Women’s leadership in the Water, Energy, Food and Ecosystem (WEFE) Nexus in Nepal

Social justice and equity must drive a sustainable approach. Women and disadvantaged groups need equal growth opportunities to become the next generation of Water, Energy, Food, and Ecosystems Leaders.

From appearance to reality

By Gitta Shrestha, National Researcher – Gender Social and Environmental Justice, IWMI

Women’s participation and leadership in natural resource governance is a much-advocated and celebrated agenda in Nepal. However, despite waves of success credited to national movements and the country’s commitment to international instruments on gender equality, the reality falls short of real agency and autonomy for Nepali women.

Farmers weeding a paddy field in Belanpur village of Banke district of Nepal. The paddy field is irrigated from the Irrigation Channel of Sikta Irrigation Project. Photo: Nabin Baral / IWMI
Farmers weeding a paddy field in Belanpur village of Banke district of Nepal. The paddy field is irrigated from the Irrigation Channel of Sikta Irrigation Project. Photo: Nabin Baral / IWMI

In Nepal, the natural resource sectors are filled with narratives that call for women’s participation in user groups. But often these do not acknowledge or act on the gendered constraints to effective participation and leadership that continue to hinder integrated and holistic resource governance.  Although gender equality is key to the just and sustainable governance of natural resources, women are still underrepresented in decision-making in these sectors particularly with regard to leadership positions.

These challenges, as well as potential solutions, were discussed at a roundtable on women’s leadership in governance and management of water, food, energy and ecosystems held on May 20, 2022 in Kathmandu. The roundtable brought together 20 women professionals from diverse sectors to discuss their collective experiences and the constraints to women’s leadership. The event was organized as a part of the NEXUS Gains initiative, which includes among its aims developing the capacity of emerging women leaders and supporting their empowerment through more active decision-making and leadership in the governance and management of water, energy, food and ecosystems.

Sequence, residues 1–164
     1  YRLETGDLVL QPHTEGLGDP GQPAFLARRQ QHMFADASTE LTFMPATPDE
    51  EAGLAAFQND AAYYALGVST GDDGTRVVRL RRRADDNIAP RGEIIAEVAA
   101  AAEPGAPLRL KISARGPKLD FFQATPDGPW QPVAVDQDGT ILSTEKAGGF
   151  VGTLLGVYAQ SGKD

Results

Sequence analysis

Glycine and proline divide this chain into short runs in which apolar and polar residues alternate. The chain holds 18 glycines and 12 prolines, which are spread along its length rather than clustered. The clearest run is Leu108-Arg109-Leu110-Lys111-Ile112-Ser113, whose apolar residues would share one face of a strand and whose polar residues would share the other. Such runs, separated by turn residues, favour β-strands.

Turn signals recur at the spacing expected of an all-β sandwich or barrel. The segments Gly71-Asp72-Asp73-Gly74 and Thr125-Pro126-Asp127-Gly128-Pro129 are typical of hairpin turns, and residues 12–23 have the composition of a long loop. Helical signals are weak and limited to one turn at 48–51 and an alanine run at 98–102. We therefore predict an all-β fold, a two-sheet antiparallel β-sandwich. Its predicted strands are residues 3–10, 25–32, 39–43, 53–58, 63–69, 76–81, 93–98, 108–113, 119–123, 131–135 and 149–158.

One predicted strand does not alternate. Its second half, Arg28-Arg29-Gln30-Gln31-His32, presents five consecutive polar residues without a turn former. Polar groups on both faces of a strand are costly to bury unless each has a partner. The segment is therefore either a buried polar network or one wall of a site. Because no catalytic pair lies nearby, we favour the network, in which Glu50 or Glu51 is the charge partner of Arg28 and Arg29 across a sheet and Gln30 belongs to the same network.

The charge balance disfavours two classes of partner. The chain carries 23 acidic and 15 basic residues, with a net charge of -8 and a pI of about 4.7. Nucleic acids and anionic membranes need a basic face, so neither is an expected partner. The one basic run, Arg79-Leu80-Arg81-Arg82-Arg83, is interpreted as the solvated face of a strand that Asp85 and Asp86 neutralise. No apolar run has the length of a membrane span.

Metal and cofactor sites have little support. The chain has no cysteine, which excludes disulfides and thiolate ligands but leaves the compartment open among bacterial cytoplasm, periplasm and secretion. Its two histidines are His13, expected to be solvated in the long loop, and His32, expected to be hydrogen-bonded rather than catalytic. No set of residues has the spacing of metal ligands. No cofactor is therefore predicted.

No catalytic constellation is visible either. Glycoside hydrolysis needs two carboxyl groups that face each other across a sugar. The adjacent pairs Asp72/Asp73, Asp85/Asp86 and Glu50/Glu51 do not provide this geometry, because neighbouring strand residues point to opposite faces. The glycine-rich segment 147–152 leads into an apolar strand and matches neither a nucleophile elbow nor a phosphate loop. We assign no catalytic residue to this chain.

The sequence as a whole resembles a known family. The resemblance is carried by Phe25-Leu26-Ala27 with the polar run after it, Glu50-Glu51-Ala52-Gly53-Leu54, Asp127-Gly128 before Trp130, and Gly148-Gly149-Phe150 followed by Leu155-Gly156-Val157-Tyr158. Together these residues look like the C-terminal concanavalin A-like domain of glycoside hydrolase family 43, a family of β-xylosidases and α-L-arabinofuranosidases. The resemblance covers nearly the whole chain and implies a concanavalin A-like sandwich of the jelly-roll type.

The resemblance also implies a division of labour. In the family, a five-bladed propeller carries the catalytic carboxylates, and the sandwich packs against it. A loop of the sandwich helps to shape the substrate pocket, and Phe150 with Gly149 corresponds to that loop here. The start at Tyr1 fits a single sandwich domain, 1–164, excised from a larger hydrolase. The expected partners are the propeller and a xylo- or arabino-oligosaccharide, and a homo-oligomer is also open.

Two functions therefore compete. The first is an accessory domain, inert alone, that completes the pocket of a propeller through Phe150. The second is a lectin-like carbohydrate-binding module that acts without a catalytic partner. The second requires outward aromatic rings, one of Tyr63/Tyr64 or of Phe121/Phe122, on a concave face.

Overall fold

Inequality in leadership

Sustainable Development Goal 5 on gender equality and women’s empowerment advocates women’s full and effective participation and equal opportunities for leadership at all levels of decision-making in political, economic and public life. This leadership extends beyond representation. The roundtable participants were in agreement about common gender-based constraints across institutional environments and decision-making spaces, including access to information and opportunities. An engineer, for instance, stated that “men are always two steps ahead of women because they receive more opportunities for technical training and international exposure.” Similarly, other participants experienced access to opportunities as unequal and unfair. In their view, priority access to opportunities went to those higher up in the hierarchy – usually men –  rather than deserving individuals.

In addition to gender, diverse and intersecting social identities such as age and economic status deprive women of leadership opportunities. Nepal has quotas for members of socio-economically marginalized groups seeking civil service recruitment, as well as at the resource user committee level. Several roundtable participants expressed dissatisfaction with how these quotas are implemented in practice. One declared: “Quotas are received not by those who actually need them. Quotas are not inclusive without considering intersectionality, for example, rural vs urban. An individual should not receive repeated quotas.” In her view, equal access to opportunities was imperative in addressing tokenistic representation and encouraging women’s leadership that can have real impact.